• Environmental Health and Safety Specialist. Conduct research or perform investigation for the purpose of identifying, abating, or eliminating sources of pollutants or hazards that affect either the environment or the health of the population. Utilizing knowledge of various scientific disciplines may collect, synthesize, and take action based on data derived from measurements or observations of air, food, and other sources.
  • Epidemiologist. Investigate and describe the determinants and distribution of disease, disability, and other health outcomes and develop the means for prevention and control.
  • Forester. Manage forested lands for economic, recreational, and conservation purposes. May inventory the type, amount, and location of standing timber, appraise the timber's worth, negotiate the purchase, and draw up contracts for procurement. May determine how to conserve wildlife habitats, creek beds, and soil stability, and how best to comply with environmental regulations. May devise plans for planting and growing new trees, monitor trees for healthy growth, and determine the best time for harvesting. Develop forest management plans for public and privately-owned forested lands.
  • Geological Specialist. Study the composition, structure, and other physical aspects of the earth. May use geological, physics, and mathematics knowledge in exploration for oil, gas, or underground water; or in waste disposal, land reclamation, or other environmental problems. May study the earth's internal composition, atmospheres, and its magnetic, electrical, and gravitational forces. Includes mineralogists, crystallographers, and seismologists.
  • Medical Scientist. Conduct research dealing with the understanding of human diseases and the improvement of human health. Engage in clinical investigation or other research, production, or related activities.
  • Microbiologist. Investigate the growth, structure, and other characteristics of microscopic organisms, such as bacteria, algae, or fungi. Includes medical microbiologists who study the relationship between organisms and disease or the effects of antibiotics on microorganisms.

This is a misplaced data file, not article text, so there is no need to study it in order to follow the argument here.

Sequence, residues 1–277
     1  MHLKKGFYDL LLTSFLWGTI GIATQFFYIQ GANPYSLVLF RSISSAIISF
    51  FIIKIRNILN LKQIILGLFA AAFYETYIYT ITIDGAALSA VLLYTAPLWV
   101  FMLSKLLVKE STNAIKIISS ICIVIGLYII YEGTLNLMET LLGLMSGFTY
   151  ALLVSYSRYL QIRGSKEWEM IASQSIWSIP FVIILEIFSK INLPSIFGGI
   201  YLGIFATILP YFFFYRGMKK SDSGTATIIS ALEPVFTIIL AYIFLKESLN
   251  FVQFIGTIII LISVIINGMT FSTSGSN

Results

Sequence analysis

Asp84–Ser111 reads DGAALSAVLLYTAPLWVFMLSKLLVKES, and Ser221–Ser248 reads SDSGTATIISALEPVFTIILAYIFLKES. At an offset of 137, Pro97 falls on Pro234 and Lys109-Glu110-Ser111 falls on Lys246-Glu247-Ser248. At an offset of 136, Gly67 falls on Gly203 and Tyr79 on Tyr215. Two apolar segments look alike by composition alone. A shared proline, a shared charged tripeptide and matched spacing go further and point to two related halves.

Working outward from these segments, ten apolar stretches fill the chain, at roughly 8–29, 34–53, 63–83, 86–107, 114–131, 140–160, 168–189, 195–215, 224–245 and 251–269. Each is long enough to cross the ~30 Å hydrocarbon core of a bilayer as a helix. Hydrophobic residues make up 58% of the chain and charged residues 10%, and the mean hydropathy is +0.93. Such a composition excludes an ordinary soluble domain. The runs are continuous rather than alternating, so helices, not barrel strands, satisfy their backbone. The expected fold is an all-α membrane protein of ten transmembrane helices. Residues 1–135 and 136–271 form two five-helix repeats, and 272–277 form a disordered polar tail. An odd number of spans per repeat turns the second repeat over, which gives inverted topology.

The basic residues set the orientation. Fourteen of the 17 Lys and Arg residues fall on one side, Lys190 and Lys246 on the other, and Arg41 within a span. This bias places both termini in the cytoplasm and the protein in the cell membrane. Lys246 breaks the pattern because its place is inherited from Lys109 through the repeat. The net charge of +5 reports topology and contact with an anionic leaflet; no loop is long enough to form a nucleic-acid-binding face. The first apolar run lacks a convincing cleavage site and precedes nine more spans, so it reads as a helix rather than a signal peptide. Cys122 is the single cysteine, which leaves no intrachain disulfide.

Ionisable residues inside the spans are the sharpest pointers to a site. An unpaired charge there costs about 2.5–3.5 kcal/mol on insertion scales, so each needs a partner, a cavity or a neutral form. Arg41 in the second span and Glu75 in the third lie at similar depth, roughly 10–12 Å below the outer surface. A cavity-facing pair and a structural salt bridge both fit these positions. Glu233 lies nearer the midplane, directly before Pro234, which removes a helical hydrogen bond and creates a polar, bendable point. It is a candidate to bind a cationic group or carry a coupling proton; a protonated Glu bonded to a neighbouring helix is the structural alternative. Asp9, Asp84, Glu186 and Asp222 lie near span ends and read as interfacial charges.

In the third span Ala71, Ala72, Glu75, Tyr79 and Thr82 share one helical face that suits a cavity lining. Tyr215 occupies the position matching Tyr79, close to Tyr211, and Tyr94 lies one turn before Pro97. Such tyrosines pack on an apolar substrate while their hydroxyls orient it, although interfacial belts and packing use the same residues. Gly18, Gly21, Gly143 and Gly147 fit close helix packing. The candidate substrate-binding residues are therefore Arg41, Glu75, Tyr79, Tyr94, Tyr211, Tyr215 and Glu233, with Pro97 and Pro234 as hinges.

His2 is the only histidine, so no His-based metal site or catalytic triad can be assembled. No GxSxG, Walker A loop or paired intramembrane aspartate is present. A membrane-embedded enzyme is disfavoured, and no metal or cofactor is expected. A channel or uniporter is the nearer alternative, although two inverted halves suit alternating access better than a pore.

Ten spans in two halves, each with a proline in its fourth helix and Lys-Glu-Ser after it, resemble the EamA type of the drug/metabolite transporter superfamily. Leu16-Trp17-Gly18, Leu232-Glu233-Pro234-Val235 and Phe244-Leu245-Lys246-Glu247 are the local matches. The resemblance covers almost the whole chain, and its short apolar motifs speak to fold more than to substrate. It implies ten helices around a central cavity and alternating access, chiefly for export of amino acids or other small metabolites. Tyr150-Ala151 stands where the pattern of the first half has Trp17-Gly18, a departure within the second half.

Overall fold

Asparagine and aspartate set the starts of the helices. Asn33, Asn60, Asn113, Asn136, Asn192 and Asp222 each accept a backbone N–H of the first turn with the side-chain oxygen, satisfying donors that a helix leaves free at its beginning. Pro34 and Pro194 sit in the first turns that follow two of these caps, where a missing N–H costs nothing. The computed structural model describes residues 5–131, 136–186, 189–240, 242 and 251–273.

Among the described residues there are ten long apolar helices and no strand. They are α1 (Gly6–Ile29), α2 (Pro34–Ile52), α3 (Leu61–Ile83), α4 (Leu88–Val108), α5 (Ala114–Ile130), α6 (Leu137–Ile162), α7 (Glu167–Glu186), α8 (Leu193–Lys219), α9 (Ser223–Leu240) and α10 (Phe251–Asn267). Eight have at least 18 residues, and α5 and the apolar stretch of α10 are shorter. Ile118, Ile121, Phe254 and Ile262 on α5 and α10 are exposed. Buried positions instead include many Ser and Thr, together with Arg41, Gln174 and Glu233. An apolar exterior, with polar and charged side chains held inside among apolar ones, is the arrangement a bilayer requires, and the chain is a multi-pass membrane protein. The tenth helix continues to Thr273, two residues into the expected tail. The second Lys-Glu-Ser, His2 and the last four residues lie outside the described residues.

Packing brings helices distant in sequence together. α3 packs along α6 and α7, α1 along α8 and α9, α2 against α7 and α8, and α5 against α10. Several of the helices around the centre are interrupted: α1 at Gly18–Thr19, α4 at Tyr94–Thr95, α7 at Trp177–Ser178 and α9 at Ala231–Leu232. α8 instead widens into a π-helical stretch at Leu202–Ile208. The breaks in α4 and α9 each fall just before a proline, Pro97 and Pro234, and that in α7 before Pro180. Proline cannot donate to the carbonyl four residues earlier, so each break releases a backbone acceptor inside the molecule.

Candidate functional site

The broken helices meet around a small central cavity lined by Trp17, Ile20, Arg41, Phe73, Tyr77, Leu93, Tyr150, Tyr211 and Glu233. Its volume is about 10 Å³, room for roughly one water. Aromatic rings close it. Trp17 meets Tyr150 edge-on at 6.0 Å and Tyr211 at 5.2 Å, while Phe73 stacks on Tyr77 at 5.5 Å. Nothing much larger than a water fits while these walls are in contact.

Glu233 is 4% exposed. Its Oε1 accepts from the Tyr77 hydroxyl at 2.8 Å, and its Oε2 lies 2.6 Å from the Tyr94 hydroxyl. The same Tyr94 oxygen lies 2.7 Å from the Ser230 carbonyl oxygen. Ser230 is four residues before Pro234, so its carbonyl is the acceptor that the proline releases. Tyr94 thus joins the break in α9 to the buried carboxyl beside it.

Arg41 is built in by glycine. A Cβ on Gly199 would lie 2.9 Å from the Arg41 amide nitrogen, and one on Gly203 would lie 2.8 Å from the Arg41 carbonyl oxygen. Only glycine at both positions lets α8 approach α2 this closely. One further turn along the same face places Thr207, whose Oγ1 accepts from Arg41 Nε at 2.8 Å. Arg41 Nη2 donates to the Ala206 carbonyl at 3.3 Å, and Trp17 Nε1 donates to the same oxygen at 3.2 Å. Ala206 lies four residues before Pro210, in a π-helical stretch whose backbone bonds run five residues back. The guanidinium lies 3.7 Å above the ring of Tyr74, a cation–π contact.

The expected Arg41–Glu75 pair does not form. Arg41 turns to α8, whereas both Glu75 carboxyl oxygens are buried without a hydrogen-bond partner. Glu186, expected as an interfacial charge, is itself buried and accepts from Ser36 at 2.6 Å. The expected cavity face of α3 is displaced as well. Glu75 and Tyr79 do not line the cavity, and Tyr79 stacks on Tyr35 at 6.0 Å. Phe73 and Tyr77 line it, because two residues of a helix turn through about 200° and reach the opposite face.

• Natural Resource Manager. Research or study range land management practices to provide sustained production of forage, livestock, and wildlife.
  • Soil Conservation Technician. Plan and develop coordinated practices for soil erosion control, soil and water conservation, and sound land use.
  • Zoologist. Study the origins, behavior, and life processes of animals and wildlife. May specialize in wildlife research and management, including the collection and analysis of biological data to determine the environmental effects of present and potential use of land and water areas.

EDUCATIONAL OPPORTUNITIES: Scientist Training

Chatham University - Pittsburgh, PA

Chatham University, Woodland Rd, Pittsburgh, PA 15232. Chatham University is a small university located in Pittsburgh, Pennsylvania. It is a private not-for-profit school with primarily 4-year or above programs. It has 2,133 students and an admission rate of 71%. Chatham University has a bachelor's degree program in Biochemistry which graduated five students in 2008.

Duquesne University - Pittsburgh, PA

Duquesne University, Administration Bldg 600 Forbes Ave, Pittsburgh, PA 15282. Duquesne University is a large university located in Pittsburgh, Pennsylvania. It is a private not-for-profit school with primarily 4-year or above programs. It has 10,106 students and an admission rate of 76%. Duquesne University has bachelor's degree, master's degree, and doctor's degree programs in Biochemistry.

Seton Hill University - Greensburg, PA

Seton Hill University, Seton Hill Dr, Greensburg, PA 15601. Seton Hill University is a small university located in Greensburg, Pennsylvania. It is a private not-for-profit school with primarily 4-year or above programs. It has 2,010 students and an admission rate of 63%. Seton Hill University has a bachelor's degree program in Biochemistry which graduated two students in 2008.